LEOMINSTER, England, June 18 (UPI) -- Sweet wines form a rather small but important part of the wine market. They are excellent with desserts and blue cheeses. Good sweet wines are expensive, and this article will try to explain why this should be so.
Sweet wines were the New World's first success. In the 18th century, Constantia, from Cape Province, South Africa, was widely acknowledged to be the finest wine in the world. Phylloxera, an aphid that lives off the roots of the vine, killed it off in the 19th century, and there are no records of how the wine was made. Sweet wines are being made again at Constantia, but no one can say for sure whether it is made in the same way as in the glory days.
Fermentation turns the sugar in the grape juice into alcohol. If there is to be sugar left in the wine, either the juice contains more sugar than the yeast can ferment, or the fermentation has to be stopped.
Wines can be sweetened after fermentation. The addition of unfermented juice is what gives "Liebfraumilch" its sweetness. Many medium-dry and medium wines are made in a similar way, in many countries, but no connoisseur of wine would say that wines made like this have any aspiration to be great wines. They are usually well-made products, aimed at a particular section of the market.
Late harvest wines are made with grapes left on the vine longer than usual. The grapes have extra sugar, but often lower acidity. Riesling is highly prized in Germany for sweet wines because it can get very ripe and still maintain its acidity.
Picking the grapes late means taking a risk with the weather, as well as reducing the yield if things do go well. The maker stands an excellent chance of seeing his year's production as a nasty mess on the ground.
"Auslese" on a German wine label indicates that the grapes were left on the vine for this extra time.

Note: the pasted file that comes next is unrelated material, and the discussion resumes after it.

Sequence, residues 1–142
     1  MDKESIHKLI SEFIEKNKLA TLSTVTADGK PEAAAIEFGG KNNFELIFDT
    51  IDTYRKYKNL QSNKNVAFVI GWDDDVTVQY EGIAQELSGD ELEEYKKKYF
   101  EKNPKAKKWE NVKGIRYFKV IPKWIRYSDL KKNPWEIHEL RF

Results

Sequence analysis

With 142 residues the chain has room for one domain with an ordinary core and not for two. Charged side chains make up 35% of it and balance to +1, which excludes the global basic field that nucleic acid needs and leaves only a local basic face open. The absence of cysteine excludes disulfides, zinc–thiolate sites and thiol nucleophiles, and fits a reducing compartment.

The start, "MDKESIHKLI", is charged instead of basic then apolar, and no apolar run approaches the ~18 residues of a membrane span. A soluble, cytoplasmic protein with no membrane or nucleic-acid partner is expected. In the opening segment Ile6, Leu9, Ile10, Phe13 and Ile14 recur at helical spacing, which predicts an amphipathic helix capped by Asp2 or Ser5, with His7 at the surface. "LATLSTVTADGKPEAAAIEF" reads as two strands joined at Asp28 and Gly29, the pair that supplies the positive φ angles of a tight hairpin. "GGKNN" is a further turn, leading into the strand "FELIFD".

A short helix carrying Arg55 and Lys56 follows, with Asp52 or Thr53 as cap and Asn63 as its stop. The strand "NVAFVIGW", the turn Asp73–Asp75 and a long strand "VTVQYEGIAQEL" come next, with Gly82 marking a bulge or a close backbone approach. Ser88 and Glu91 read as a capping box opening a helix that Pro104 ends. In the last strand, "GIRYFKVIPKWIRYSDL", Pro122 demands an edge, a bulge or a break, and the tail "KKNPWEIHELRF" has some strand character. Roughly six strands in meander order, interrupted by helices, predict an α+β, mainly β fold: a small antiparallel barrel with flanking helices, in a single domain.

Sometimes the grapes go rotten before picking. Noble rot, "edelfaule" indicates this. German wines normally show this grade as "beerenauslese," while "trockenbeerenauslese" wines are even sweeter. Austria has a similar grading system for its sweet wines with "Ausbruch" as an extra grade in between beerenauslese and trockenbeerenauslese.
"Eiswein" is normally made from grapes picked and pressed while still frozen in the January following the harvest. This is the most expensive of all. The grapes are pressed while still frozen, often at three in the morning. Most of the water in the juice is frozen so the yield is very low. The juice has high levels of both sugar and acid, giving great concentration of flavor. The fermentation is very slow and produces wines that are both sharp and very sweet. Every wine lover should make an effort to try one.
In the Niagara region of Canada, a similar icewine is made. North American readers may find this easier to obtain. Despite a recent relaxation in the EU's import rules, Canadian icewine is still a rarity in Europe so I have not had chance to try one to compare.
In France, Sauternes, Barsac and Cadillac are famous for sweet white wines made from ripe grapes infected with Botrytis cinerea. What the Germans call edelfaule, the French call pourriture noble. Sémillon and Sauvignon blanc grapes are allowed to ripen in the autumn mist creeping up from the nearby rivers.
As in Germany, the rot leaves the skins semi-porous so that the water in the juice evaporates, concentrating the sugars and the acids. At Château d'Yquem, the most prestigious wine in Sauternes, the juice from one vine makes just half a glass of wine. Château d'Yquem is rather expensive, and visitors to the Château are not allowed to taste, though people who work there are allowed to sample it.
Several late harvest wines are coming out of Alsace, as Vendange Tardive, some with and some without pourriture noble. They are worth searching out. There are particularly fine examples of Riesling, Pinot gris and Gewurztraminer from several growers.
The Loire valley also produces some glorious sweet wines made from the Chenin blanc grape, also with "pourriture noble," in the area around Layon and Bonnezeaux.
Hungary produces a fabulous sweet wine called Tokay. Grapes are grown in the same way as for the German and French sweet wines, but then a paste of the most rotten grapes (Aszú) are added, in units called "puttonyos." Four or five puttonyos are the most popular. Tokay will keep a long time because of the high sugar and high alcohol levels. Tokay was a favorite of the Czars.